If you’re a fan of the darker side of beer, you have come across some of the most amazing and interesting beer being produced right now. Goose Island’s Bourbon County Coffee Stout, Founders Breakfast Stout, Anchor Porter, or an assortment of others are available around the country. Dark beers are ridiculously popular on the craft beer scene, as well as with homebrewers. In fact, Beer Advocate’s Top 250 Beers list has only two styles in the top 10- the black as night Imperial Stout, and Imperial IPA. Imperial Stout currently outnumbers Imperial IPA 6 to 4.
As the leaves turn, and the weather cools, it comes time for dark beer to show up on the ever rotating seasonal taps at your brewpub or brewery. Homebrewer’s kitchens are blanketed in the smell of chocolate and coffee as the boil turns to black. Oatmeal Stouts, Black IPAs, Porters, Nut Browns and other hearty, dark styles start to find space in fermentors and fridges.
So, with all the great offerings, what will make your recipe stand out this year? There’s a way to make that old or new recipe stand out this year. Depth of flavor- specifically the malt, an important aspect of any dark beer. Although we consider stouts and black beers to be rich, and full of flavor, it’s quite common for a dark style to fall flat, or become one dimensional when it lacks balance against the black roasted malt in the recipe. A dark beer isn’t the most difficult style to brew, small mistakes will be masked, but it also may be one of the more difficult styles to perfect, creating a multi-dimensional, subtly nuanced pint.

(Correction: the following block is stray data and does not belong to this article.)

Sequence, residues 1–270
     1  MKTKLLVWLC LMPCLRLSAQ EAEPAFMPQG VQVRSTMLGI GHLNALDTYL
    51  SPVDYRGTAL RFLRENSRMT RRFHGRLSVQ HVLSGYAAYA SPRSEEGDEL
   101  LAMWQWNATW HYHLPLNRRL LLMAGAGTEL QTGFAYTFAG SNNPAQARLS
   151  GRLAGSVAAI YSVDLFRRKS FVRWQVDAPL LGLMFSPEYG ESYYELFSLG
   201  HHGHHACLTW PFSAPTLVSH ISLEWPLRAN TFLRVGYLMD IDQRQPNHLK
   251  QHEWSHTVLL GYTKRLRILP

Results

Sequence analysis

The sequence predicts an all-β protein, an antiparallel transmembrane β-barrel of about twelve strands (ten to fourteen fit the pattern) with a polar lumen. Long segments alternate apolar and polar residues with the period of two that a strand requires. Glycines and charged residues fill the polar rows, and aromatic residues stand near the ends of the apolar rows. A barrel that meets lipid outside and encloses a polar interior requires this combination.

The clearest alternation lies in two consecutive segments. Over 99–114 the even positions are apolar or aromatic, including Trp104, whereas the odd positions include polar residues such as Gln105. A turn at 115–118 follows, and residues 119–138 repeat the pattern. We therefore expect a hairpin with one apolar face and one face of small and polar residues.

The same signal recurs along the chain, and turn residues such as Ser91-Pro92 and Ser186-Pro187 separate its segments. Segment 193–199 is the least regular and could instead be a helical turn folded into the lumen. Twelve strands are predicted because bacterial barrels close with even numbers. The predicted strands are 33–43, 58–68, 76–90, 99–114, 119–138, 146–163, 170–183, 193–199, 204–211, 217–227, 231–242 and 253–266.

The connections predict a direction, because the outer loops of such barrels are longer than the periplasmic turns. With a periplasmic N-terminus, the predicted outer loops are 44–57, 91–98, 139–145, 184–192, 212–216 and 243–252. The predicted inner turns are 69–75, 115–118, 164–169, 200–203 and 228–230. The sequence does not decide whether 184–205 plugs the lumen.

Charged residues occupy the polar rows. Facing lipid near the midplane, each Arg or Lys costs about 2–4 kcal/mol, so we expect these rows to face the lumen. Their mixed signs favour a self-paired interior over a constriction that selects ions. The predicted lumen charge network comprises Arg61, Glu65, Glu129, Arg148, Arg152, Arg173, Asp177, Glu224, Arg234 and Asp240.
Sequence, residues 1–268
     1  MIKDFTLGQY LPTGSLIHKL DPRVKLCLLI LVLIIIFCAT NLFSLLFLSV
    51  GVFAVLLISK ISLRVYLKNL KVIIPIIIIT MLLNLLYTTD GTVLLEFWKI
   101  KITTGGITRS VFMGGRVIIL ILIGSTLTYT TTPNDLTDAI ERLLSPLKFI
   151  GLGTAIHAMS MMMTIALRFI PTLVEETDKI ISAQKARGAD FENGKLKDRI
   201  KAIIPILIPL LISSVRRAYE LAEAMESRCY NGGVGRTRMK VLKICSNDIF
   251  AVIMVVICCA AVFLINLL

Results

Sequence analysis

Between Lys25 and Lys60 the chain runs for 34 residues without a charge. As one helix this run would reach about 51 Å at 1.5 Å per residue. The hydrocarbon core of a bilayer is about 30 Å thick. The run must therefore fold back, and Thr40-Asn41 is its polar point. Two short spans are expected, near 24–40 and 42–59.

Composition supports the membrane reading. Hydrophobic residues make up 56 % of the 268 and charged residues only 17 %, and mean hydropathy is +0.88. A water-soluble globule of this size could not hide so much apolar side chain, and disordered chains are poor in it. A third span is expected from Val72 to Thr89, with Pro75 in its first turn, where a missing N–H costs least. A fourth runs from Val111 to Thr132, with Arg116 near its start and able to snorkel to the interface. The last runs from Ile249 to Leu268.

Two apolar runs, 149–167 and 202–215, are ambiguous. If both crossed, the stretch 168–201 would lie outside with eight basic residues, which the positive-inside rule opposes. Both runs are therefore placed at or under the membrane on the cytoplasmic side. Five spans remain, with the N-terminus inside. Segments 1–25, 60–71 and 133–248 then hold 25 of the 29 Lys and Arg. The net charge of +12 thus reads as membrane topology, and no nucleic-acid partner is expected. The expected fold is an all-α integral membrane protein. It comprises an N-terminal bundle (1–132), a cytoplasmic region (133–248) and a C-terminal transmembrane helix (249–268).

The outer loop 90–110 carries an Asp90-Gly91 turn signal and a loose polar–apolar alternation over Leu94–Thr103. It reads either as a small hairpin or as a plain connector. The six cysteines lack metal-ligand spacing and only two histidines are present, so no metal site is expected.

Maybe you’ve got an old recipe that could be better. Go ahead and pull out your brewing log and find a stout, porter or other dark recipe you weren’t completely satisfied with, that you thought left room for improvement. Now, look at your grain bill, and focus closely on the 25 to 75 lovibond range. Did you add any specialty malt in this range? This is an often neglected area in these styles of beer, and this color range offers some of the most dynamic specialty grains on the market.
A favorite, and one that’s known to add a good amount of depth to beer is Briess’ Special Roast; a 40 lovibond, toasted, roasted sourdough secret weapon of the dark beer brewer’s world.
The kiln roasted Special Roast malt is unlike the caramel malts in that mid-color range. Instead of toffee and caramel, it’s a potent dry kilned flavor of biscuit and raisin bran that elevates the flavors of roast and toast in certain beer styles to new levels. Just a dash can do it, and dark beers will reward you greatly for the addition. It’s hard to heighten the “middle-flavors,” the delicate caramels and biscuits in a dark beer, as the roasted malts will mask most- but special roast stands tall by being more assertive, and adding greater dynamic to the espresso and bread dough characteristics already imparted by other grains.
So what does Special Roast work best in?
Try in your Brown ales, Stouts, Porters, Amber & Red ales, as well as IPAs and ESBs when you’d like to find a balance between malt and hop.
How much should you use?
It only takes between 5% and 10% in your grain bill to be effective. I typically add 8 to 12 ounces to a 5 gallon batch of typical gravity beer. High gravity recipes may require a pound or more (per 5 gallons) to heighten the depth in a bigger malt bill.
Two styles I’ve found that can go from okay to amazing with some Special Roast are Black IPA and Oatmeal Stout. Below are links to two of my recipes that showcase Special Roast working along side dark roasted malt, bringing the entire recipe up a notch-